“Pressure point: Biden is getting some pressure on the left. A number of groups — including Adam Jentleson and Rebecca Kirszner Katz’s Battle Born Collective and Justice Democrats — are saying Biden is not moving fast enough to enact his agenda through Congress.”
“The prospect that a large part of their agenda could go nowhere, even though their party controls both houses of Congress and the White House, has angered many Democratic activists. They’ve put abolition of the filibuster into the spotlight to a degree not seen for nearly half a century. A book denouncing the filibuster by Adam Jentleson, a former aide to Sen. Harry Reid (D-Nev.), has become required reading for progressive Democrats.”
“I think it’s super smart,” said Adam Jentleson, a former aide to Senate Democratic leader Harry Reid. “If you let Mitch McConnell define what is bipartisan, nothing ever will be. Defining it based on public opinion is accurate and opens the door to doing big things.”
“This is going to require presidential leadership,” said Tre Easton, senior adviser at Battle Born Collective, a progressive group pushing to end the filibuster. President Biden has a choice to make pretty early, probably earlier than he wanted, about how much he wants to push.
“Mr. Jentleson said Republicans had abandoned any coherent policy goals in lieu of pursuing a “negative partisanship” agenda — which he defines as “doing simply whatever will terrorize your opponents the most.” In essence, Trumpism.”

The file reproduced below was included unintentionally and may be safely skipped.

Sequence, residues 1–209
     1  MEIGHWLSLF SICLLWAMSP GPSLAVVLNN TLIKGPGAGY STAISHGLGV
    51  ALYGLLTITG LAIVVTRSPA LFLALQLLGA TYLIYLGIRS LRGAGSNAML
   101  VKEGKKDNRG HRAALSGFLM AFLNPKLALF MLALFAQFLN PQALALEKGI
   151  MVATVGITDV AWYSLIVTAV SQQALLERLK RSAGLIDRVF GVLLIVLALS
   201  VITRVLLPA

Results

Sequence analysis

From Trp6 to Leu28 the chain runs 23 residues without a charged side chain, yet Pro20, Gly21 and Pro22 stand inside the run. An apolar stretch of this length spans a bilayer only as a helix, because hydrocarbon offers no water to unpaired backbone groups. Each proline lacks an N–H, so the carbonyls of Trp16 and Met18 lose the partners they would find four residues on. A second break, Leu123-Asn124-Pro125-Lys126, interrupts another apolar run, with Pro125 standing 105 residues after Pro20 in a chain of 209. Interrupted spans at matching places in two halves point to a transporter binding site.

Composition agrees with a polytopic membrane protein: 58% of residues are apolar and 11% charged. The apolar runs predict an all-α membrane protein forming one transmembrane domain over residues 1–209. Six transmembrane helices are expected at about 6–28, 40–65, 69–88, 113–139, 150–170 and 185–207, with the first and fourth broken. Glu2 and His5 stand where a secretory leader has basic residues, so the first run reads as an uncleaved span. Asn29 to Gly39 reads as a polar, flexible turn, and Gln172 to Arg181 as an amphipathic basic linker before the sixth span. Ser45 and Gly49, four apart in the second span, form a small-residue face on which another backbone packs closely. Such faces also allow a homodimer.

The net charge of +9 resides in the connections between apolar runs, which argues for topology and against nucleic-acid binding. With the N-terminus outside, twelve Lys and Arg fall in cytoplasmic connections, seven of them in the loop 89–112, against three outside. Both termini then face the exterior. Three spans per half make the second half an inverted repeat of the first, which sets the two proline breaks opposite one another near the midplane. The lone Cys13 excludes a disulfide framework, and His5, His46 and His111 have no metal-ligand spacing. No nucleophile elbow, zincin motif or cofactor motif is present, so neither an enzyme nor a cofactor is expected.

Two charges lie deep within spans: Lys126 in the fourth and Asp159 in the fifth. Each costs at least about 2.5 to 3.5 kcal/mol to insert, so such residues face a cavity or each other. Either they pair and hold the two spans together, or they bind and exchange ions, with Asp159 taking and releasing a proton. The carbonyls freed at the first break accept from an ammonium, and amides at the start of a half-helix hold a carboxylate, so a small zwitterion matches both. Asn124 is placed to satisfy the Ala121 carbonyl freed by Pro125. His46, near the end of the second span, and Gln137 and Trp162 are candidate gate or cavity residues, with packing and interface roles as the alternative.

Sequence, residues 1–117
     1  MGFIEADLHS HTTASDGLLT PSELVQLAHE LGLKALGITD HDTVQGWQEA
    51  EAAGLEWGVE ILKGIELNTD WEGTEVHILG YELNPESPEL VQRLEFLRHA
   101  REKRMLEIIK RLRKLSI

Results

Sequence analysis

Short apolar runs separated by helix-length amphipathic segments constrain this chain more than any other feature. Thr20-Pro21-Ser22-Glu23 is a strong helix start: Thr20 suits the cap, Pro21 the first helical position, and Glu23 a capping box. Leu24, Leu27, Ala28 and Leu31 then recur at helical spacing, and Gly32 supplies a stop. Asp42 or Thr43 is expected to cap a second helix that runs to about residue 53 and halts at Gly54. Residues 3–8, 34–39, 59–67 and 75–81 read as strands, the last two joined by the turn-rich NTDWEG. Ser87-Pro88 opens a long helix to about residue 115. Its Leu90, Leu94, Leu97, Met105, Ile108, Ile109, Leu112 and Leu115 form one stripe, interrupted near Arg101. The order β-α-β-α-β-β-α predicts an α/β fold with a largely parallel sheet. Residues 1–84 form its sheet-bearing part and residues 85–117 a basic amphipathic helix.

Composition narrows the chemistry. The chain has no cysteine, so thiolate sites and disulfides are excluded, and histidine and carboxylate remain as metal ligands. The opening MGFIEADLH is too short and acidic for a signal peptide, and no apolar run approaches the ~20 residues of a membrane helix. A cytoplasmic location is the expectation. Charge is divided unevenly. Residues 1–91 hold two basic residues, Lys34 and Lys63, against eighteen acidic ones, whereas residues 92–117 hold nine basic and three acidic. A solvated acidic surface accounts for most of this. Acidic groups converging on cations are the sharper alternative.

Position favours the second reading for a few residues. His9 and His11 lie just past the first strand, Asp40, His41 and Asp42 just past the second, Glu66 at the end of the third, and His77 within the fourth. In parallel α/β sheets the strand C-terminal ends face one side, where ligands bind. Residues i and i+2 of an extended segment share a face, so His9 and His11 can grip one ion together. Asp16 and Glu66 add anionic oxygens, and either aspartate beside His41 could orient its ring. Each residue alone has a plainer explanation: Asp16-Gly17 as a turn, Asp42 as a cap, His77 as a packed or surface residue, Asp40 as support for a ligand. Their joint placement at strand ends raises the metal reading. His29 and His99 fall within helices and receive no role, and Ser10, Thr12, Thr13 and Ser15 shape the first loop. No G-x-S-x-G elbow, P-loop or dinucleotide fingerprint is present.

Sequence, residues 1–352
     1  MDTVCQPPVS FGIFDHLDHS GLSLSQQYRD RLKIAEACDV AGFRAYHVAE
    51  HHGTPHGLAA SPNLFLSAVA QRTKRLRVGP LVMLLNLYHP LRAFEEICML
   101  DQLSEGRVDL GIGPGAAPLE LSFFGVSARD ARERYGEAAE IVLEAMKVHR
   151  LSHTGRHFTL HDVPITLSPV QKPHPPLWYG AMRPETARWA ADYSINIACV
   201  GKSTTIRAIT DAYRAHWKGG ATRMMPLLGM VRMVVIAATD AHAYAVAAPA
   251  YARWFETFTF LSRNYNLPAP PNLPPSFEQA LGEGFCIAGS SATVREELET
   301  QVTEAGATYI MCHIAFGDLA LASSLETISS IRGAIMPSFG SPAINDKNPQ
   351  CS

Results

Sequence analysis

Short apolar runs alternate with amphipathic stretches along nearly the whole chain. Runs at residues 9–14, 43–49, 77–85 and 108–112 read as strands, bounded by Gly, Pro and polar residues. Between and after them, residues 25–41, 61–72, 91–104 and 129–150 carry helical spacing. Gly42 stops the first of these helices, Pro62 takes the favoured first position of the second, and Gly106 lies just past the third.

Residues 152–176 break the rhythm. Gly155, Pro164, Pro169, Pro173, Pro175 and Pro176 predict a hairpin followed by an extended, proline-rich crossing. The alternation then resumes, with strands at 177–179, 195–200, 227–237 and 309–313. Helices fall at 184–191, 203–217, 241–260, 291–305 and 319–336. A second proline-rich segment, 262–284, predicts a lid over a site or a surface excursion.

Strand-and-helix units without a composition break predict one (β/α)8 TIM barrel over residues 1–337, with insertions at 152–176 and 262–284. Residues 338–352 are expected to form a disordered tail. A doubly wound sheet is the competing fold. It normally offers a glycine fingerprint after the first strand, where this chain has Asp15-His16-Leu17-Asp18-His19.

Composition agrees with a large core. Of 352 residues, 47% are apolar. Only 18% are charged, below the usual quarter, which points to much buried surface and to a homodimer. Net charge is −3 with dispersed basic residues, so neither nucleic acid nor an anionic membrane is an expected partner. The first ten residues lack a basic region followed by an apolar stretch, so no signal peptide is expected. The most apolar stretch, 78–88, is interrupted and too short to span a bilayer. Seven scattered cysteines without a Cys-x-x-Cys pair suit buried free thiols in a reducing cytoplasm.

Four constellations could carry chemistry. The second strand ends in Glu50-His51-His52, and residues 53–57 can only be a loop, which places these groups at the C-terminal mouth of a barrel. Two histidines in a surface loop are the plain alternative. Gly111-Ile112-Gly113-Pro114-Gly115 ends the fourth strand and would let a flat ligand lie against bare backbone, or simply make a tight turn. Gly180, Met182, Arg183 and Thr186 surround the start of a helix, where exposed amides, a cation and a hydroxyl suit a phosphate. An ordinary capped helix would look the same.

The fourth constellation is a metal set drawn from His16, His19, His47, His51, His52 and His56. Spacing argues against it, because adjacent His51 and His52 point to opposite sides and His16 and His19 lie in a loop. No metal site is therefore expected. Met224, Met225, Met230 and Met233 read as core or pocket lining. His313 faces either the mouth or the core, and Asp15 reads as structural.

Tonight, Battle Born Collective, Justice Democrats, Data For Progress, Sunrise Movement, and New Deal Strategies put out the following statement on the Senate Parliamentarian’s ruling against including a $15 minimum wage increase in budget reconciliation:
“A common way senators filibuster bills is by signaling their objection, often without explaining their reasoning, Adam Jentleson, a former longtime Senate aide and author of the book Kill Switch: The Rise of the Modern Senate and the Crippling of Modern Democracy, told NPR.”
“Democrats have not used the power they have as efficiently as they could,” said Ms. Kirszner Katz. “We have very little time before the midterms and we need to get as much as we can right away.”